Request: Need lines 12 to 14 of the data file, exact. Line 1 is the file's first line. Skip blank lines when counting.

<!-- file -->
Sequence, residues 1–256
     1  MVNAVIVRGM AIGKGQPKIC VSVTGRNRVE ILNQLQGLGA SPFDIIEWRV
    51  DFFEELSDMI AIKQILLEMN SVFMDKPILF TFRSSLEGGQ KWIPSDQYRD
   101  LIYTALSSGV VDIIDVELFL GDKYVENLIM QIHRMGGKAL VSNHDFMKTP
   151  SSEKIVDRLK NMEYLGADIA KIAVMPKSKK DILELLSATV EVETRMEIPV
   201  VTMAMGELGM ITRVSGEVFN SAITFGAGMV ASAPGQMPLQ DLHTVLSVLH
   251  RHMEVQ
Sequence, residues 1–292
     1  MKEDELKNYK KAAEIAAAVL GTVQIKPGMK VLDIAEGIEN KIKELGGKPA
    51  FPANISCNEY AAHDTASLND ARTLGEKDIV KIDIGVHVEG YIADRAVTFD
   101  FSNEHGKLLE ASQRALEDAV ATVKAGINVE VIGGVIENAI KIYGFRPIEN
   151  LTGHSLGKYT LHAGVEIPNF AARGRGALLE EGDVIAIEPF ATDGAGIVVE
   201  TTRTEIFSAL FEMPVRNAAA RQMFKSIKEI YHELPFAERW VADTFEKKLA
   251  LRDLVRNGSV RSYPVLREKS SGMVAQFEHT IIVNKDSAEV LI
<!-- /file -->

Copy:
   151  LTGHSLGKYT LHAGVEIPNF AARGRGALLE EGDVIAIEPF ATDGAGIVVE
   201  TTRTEIFSAL FEMPVRNAAA RQMFKSIKEI YHELPFAERW VADTFEKKLA
   251  LRDLVRNGSV RSYPVLREKS SGMVAQFEHT IIVNKDSAEV LI